Wednesday, April 22, 2009

Oil at $50/bbl: Where to from Here?

I think oil has more chances of going down than up from here. My main reasons for oil corrections are the following:

1) Marginal cost of production: In the long run, supply curve is determined by production costs of a marginal supplier. The key feature of the oil supply curve is that for the majority of oil demand, supply can be provided at roughly a $10-20/bbl level (mainly Middle Eastern countries). For Russia, it's probably higher and is in the range of $30-35/bbl.

Any extra demand would be met by producers with much higher cost levels of $60-70/bbl. In the first half of 2008, it was assumed that marginal producer would be Canadian oil sands with a $80/bbl cost structure.

Speculators were expecting that it would take too long before Canadian oil sands producers start supplying oil to the market and, thus, further production was needed which was expected to come from even more expensive sources (mainly offshore with over $100/bbl cost levels). This assumption clearly did not work out given the drop in global oil demand.

2) In extreme scenarios, oil supply curve turns negative (meaning downward slope) because of OPEC cheating members. With financial markets still half frozen, developing countries have strong incentives to substitute unavailable external borrowings with extra oil supply. Thus, current OPEC discipline cannot be expected to last long.

3) A significant number of oil projects were coming on stream in Q1 2009 and at the same time a lot of refiners were shutting down for maintenance in spring 2009. This should lead to an over-supply situation, the evidence of which is ever growing oil stocks in the US.

4) It's still a deflationary environment and so production costs are expected to continue to fall, bringing down the supply curve.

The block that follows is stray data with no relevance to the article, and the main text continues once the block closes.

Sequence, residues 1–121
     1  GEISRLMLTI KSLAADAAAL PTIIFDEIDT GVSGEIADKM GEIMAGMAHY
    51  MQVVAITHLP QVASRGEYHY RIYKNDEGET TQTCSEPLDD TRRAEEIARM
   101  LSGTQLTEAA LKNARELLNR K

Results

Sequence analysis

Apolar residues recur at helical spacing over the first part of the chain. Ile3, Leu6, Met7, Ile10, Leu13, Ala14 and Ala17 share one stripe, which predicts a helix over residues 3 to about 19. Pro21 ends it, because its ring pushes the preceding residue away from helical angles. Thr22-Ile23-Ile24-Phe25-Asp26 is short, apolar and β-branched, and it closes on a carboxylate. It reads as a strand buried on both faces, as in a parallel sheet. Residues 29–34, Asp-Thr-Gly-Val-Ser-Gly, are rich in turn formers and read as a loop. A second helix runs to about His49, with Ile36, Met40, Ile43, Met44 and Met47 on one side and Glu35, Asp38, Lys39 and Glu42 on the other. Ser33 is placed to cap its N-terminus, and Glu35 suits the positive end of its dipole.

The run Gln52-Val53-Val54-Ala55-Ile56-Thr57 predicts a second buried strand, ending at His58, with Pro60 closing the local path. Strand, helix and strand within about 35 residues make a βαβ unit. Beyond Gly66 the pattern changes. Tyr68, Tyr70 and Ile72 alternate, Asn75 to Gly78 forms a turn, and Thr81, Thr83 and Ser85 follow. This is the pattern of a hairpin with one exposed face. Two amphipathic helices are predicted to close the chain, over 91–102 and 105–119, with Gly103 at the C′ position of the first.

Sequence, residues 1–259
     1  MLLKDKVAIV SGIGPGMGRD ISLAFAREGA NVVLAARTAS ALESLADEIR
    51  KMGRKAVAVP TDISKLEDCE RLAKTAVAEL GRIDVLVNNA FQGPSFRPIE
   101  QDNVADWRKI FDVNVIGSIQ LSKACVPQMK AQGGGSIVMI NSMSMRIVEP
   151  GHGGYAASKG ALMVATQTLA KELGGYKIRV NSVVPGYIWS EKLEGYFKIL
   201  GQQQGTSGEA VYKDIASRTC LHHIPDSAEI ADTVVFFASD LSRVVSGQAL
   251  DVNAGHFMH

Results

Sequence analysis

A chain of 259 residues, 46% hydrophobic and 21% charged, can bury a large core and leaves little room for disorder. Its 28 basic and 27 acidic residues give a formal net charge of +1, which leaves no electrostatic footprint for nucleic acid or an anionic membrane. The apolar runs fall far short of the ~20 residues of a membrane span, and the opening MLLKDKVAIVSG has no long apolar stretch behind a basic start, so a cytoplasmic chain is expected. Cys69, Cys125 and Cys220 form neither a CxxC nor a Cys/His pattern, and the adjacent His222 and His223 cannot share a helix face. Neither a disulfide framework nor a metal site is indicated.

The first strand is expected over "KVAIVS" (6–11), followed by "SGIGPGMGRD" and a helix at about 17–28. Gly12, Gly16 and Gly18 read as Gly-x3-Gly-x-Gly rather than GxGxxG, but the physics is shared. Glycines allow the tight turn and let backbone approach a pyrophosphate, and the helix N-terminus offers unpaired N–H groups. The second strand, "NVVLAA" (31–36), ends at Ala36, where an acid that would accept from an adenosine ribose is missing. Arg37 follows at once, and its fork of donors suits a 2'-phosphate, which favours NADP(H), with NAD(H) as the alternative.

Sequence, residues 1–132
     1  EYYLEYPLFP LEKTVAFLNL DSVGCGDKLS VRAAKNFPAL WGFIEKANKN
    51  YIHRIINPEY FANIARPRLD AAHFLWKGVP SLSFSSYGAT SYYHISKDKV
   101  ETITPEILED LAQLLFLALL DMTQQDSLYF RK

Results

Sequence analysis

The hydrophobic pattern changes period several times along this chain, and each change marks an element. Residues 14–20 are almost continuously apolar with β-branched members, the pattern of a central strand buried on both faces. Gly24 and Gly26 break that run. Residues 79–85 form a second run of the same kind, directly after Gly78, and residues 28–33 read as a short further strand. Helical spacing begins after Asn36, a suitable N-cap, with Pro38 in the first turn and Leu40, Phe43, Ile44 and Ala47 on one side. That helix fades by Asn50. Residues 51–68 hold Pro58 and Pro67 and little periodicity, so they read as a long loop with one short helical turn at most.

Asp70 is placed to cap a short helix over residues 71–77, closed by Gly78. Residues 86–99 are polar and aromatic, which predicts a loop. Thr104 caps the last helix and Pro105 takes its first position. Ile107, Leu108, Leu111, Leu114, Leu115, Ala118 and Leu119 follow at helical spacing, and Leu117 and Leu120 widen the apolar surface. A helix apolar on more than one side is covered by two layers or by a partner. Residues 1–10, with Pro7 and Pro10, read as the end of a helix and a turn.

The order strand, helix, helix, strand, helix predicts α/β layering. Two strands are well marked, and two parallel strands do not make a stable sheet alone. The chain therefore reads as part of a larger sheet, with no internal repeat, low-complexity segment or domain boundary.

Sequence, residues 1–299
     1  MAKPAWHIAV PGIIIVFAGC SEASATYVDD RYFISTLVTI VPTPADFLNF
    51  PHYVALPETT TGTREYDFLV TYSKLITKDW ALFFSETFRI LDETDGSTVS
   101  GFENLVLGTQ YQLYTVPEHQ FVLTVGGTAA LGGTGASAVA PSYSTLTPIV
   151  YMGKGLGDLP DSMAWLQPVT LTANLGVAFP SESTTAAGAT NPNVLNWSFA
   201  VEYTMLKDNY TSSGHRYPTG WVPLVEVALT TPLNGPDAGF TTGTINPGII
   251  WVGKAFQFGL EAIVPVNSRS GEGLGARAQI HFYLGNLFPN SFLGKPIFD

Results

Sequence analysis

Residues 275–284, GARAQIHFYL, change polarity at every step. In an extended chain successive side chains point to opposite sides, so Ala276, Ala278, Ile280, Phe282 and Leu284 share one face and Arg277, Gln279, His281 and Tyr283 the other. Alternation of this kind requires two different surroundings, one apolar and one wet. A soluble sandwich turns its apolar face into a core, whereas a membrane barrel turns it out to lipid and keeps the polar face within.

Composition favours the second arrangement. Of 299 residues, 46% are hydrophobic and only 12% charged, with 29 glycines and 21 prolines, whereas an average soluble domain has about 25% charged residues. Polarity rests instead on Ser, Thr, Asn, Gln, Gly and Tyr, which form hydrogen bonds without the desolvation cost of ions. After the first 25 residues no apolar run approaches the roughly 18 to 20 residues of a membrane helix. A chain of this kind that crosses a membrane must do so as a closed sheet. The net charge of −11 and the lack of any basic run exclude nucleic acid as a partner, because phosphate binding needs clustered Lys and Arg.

5) Technically, the oil forward curve (made of futures prices at different settlement dates) still has a steep rising shape which points to future price correction. This steepness was created by unavailable funding to buy oil on the spot market and sell in the future and also by too high storage fees. But it seems that a few banks (including Morgan Stanley) hired tankers and bought oil for storage a couple of months ago and soon this oil will be coming to markets causing further downward pressure.

So, why is oil not at $30/bbl or below? Because the general mood is that the economy is bottoming out, we will soon see recovery and then, due to point one, oil will jump to above $60 levels. Another reason is inflation expectations given the amount of financial stimulus announced around the world (oil as inflation hedge-thesis). I personally disagree with the first point. I also think the second point would be relevant at the end of 2009 or 2010 (US stimulus is comparable to the amount of capital loss of US banks; besides, with banks still not functioning properly, credit is not flowing and money is not created through credit).

Nevertheless, it does not mean oil cannot grow further from here. I would definitely short it at $60 if you see it at these levels in the near future. If you can wait a few months, shorting it even at these levels should probably work as well.

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